Pullbacks happen all the time, and knowing how to apply useful pullback trading strategies can bring you big benefits.
Table of Contents
1. Pullback Trading
A pullback is a short-term, temporary pause or moderate drop in the direction of the current bullish or bearish trend. This phrase is commonly used to describe price changes in the opposite direction that last only a few consecutive sessions before going back to the original trend.
A common trading strategy is to take advantage of market pullbacks. The correction phases include waves that move against the prevailing trend. In order to time trade entries during these phases, traders watch for these correction phases when trading pullbacks.
2. How To Trade Pullbacks?
The following is an in-depth guide that will walk you through the process of pullback trading:
Step 1: Identify the prevailing trend
You’ll first need to establish the overall trend of the stock, forex pair, or commodity you’re looking to trade. This can be determined through trend lines or moving averages.
For example, if a stock’s price is above its 200-day moving average, it’s typically in an uptrend. The opposite is true for a downtrend.
A pullback in an uptrend is a small price decline, whereas a pullback in a downtrend is a small price increase.
Step 2: Determine your entry point
Now you’ll need to establish when to enter your trade. This is typically when the price starts to revert back to its original trend following the pullback. By following these steps, you can increase your chances of success in pullback trading in both uptrends and downtrends.
Use Candlestick Pattern as an Entry Trigger
The first method I’d like to discuss is using patterns to increase the number of entry confirmations. You can use “pattern” to enter a trade once all of your other criteria have been met.
For example, you can enter long when you see a bullish reversal candlestick pattern, such as a Hammer, Bullish Engulfing, etc.
Learn more about the Candlestick patterns: Candlestick Patterns Basic But Useful Understanding For Beginner
Pullback trading can benefit greatly from technical indicators that can recognize candlestick patterns on the chart, as these patterns can be used to target an entry.
Candlestick Pattern Pro is a fantastic TradingView indicator that can recognize 30+ candlestick patterns across all instruments and timeframes.
Pullback Entry Timing
To enter a trade, you can either watch for the price to return to the pullback area, or you can wait until the price returns back to the trend and reaches a new low.
The former strategy is considered riskier since you enter a trade against the price direction, and the price could easily go against you much further. This strategy has the potential for the highest reward-to-risk ratio due to the precision with which the stop loss can be set.
In the latter case, you simply follow the trend. Since the entry time is delayed, the potential payoff is reduced along with the risk.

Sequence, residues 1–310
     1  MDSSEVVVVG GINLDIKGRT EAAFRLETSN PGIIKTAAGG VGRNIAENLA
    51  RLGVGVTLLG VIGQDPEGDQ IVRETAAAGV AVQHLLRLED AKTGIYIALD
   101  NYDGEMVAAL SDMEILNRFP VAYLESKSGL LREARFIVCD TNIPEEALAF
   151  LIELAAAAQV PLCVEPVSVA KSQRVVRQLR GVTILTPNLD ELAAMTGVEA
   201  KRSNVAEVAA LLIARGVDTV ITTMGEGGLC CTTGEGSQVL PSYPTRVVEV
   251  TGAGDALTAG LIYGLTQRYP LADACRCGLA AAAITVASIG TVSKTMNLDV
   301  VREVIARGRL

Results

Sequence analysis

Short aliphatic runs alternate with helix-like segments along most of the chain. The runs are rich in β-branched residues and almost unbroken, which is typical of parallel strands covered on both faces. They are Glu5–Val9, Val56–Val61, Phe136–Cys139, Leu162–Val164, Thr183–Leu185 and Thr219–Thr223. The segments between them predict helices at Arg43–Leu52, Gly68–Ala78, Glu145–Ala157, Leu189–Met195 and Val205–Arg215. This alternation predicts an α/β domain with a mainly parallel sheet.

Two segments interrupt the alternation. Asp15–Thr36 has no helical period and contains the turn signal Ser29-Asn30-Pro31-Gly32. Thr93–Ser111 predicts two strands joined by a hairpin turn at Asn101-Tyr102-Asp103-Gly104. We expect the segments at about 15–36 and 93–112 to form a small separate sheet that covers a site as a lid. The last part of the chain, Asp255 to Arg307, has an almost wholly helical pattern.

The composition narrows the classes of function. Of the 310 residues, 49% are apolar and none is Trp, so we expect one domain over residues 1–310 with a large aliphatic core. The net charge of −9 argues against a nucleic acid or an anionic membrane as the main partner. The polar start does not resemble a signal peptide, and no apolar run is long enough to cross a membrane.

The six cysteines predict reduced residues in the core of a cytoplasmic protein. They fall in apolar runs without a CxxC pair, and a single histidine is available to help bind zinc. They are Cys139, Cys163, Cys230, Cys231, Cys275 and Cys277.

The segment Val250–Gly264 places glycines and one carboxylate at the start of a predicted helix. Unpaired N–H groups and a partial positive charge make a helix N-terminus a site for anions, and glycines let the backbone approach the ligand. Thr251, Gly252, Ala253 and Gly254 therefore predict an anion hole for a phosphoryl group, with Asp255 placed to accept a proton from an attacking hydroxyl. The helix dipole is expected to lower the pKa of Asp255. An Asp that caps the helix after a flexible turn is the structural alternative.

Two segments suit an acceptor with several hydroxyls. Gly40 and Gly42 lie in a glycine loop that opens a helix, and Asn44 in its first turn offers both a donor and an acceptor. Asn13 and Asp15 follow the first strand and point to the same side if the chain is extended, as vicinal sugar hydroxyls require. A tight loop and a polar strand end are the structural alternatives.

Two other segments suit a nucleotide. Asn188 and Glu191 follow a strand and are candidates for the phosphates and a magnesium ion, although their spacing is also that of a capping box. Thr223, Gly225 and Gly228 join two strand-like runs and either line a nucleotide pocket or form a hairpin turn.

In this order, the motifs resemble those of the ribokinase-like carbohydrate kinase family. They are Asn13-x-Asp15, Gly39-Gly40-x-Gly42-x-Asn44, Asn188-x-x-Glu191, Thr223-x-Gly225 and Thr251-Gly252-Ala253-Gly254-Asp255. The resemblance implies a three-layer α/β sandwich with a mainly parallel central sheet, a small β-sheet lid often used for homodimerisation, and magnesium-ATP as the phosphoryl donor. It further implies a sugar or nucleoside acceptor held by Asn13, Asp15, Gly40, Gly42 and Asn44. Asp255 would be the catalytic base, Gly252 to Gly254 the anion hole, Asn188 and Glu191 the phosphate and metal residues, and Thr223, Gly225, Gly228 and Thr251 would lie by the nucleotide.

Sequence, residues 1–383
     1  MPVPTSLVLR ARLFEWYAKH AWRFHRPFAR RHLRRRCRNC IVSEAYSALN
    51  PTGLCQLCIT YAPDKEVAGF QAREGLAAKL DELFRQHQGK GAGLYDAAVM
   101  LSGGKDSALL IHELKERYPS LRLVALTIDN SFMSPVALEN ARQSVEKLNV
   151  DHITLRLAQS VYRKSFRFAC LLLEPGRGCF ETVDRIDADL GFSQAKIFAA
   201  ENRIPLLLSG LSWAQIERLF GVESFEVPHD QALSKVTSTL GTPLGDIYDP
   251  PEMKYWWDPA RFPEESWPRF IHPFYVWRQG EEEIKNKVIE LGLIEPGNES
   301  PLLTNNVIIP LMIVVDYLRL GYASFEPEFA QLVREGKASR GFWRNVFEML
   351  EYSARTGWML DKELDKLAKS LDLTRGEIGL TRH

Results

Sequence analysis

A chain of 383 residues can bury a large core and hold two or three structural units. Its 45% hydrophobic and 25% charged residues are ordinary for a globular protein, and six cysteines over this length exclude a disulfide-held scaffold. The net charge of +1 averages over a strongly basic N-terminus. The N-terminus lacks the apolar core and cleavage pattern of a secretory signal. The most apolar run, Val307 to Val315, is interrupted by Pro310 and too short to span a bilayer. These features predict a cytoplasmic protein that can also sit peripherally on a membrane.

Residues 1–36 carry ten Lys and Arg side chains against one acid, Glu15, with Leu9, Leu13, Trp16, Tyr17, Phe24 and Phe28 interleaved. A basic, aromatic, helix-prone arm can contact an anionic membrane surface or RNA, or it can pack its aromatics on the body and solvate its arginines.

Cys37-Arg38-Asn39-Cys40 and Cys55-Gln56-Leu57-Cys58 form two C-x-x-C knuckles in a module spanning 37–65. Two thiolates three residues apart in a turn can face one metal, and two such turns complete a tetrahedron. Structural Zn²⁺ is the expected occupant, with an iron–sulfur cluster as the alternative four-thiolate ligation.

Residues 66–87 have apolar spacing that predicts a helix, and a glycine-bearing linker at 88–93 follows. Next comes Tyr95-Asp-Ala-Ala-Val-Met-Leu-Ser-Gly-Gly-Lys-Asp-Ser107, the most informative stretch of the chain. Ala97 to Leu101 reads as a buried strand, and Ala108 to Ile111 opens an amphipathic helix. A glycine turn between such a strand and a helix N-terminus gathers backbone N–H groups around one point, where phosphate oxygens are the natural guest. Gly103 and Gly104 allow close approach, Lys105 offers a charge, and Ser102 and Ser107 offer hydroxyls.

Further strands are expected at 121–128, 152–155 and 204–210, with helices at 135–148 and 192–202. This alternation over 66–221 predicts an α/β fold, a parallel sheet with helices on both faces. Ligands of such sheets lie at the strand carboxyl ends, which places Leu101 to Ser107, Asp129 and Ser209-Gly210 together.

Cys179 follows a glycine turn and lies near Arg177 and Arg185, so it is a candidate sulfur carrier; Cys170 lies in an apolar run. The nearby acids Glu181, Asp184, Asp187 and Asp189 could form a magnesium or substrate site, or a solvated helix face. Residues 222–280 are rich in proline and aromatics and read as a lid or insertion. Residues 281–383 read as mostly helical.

Use the end of a pullback
The end of a pullback is often a favored entry point for many traders as it potentially signifies a return to the prevailing trend, whether that’s bullish or bearish. This strategy assumes that the price of an asset will continue in the direction of the overall trend once the pullback has concluded.
The crucial part is to confirm that the pullback has ended and the price is likely to resume its previous trend. There are several ways to do this. Technical analysis tools like Fibonacci retracements, moving averages, or trendlines can be used to gauge potential end points of pullbacks. Unfortunately, these indicators are not purposely designed to detect the end of a pullback, so you have to figure it out yourself.
The Pullback Factor indicator for TradingView might be a solution to that problem. Using an exclusive volatility-based algorithm, the pullback Factor indicator can predict with high accuracy when a pullback is going to end.
Here’s how you can work with it:
- The indicator provides you with a panel that shows you the Pullback Factor value throughout time.
- Every time the value is larger than 1.5, it means that there’s a great probability that this pullback is coming to an end.
- Enter right where the value is larger than 1.5 with great certainty of winning.
- You can also use this indicator in conjunction with the Moving Averages to filter out ideal trades.
After you have confirmation that the pullback has likely ended, this is your potential entry point. If the overall trend was bullish, you would enter a long position (buy). If it was bearish, you would enter a short position (sell).
Step 3: Set your stop loss and take profit levels
You should manage your risk as you would with any trading strategy. A stop loss order can be placed just below the lowest point of the pullback in an uptrend or above the highest point of the pullback in a downtrend. This will limit your losses in case the price does not revert to its original trend.
Your take profit level, on the other hand, should be set at a point where you’ll be satisfied with your profit. This might be just before a strong resistance level in an uptrend or a strong support level in a downtrend.
3. The Bottom Line
Remember that while pullback trading can be profitable, it also involves risk. The pullback could turn out to be a trend reversal, and the price could move against you.